5 Denver Broncos Not Named Tim Tebow Who Most Sparked the Team's Resurgence

Christopher Smith@MileHighMentorCorrespondent IIIDecember 28, 2011

5 Denver Broncos Not Named Tim Tebow Who Most Sparked the Team's Resurgence

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    With all the talk of Tim Tebow the magnificent, it's hard to focus on all the Denver Broncos that have done their part to give this team the resurgence they needed so desperately after six years without a playoff appearance.

    Believe it or not—and this will be easier for some than others—Tebow is hardly the only reason this team is in a position to play past the first day of January 2012.

    Fifty-two other players have their names scribbled onto a game-day roster each weekend. Forty-six of them are active for the games. And at the very least, 35 of them take the field to fight for their team.

    Here's a look at the players not named Tim Tebow that have contributed greatly to the Broncos' surprising 2011 season.

Von Miller

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    Although Von Miller has slumped as of late, he did much to help Denver through their win streak.

    Miller has totaled 11.5 sacks this season.

    This should have been the most impressive stat for Miller this year, but it wasn't.

    Miller has added 64 tackles and was the first Bronco in decades to lead this team in tackles and sacks for a month as a rookie.

    Miller sits only three sacks away from tying Jevon Kearse's rookie sack record.

    It's also noteworthy that Miller missed one game due to a broken thumb, and has played one-handed through three games since with a huge cast on his hand.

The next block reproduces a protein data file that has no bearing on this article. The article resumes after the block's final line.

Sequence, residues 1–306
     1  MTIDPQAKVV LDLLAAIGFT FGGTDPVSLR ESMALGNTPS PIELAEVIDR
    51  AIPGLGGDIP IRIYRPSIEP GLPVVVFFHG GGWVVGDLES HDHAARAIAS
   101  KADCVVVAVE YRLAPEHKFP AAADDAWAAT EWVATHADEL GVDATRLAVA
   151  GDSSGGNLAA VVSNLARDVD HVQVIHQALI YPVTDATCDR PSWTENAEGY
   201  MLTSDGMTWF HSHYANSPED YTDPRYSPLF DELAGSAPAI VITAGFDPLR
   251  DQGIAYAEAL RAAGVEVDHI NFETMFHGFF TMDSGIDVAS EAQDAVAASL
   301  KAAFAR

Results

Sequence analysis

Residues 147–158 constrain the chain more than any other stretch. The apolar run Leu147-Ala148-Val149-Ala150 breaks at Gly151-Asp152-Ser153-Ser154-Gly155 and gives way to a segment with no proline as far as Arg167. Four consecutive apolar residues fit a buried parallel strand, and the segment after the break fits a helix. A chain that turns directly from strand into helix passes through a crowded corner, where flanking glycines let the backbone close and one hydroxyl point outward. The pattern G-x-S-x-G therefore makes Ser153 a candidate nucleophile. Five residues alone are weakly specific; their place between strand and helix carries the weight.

While it may be a long-shot for Miller to sack this record, Denver fans can be assured he'll be sacking opposing quarterbacks for many years as a Bronco.

Andre Goodman

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    Like every Bronco, Goodman's had a tough couple of weeks.

    But before Denver dropped two big games to slip in the division, Goodman was acting as one of the most effective players on the defensive roster.

    Goodman ties for the team lead with two interceptions on the season. One of them ended up in the end zone and served as the difference necessary for Denver to beat the Jets on national television.

    Of all the games Denver won in this streak, it seemed as if none were more important than the game that everybody in the nation could watch.

    The odds were against Denver—as usual—and Goodman's play was the turning point towards another win for the Broncos.

Demaryius Thomas

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    Looking at the stats for Denver on the year would tell you that there's not much going for the Broncos receiving corps.

    Watching the games would tell you something differently.

    When the ball does go in the air, the guy that pulls it down most often is Demaryius Thomas.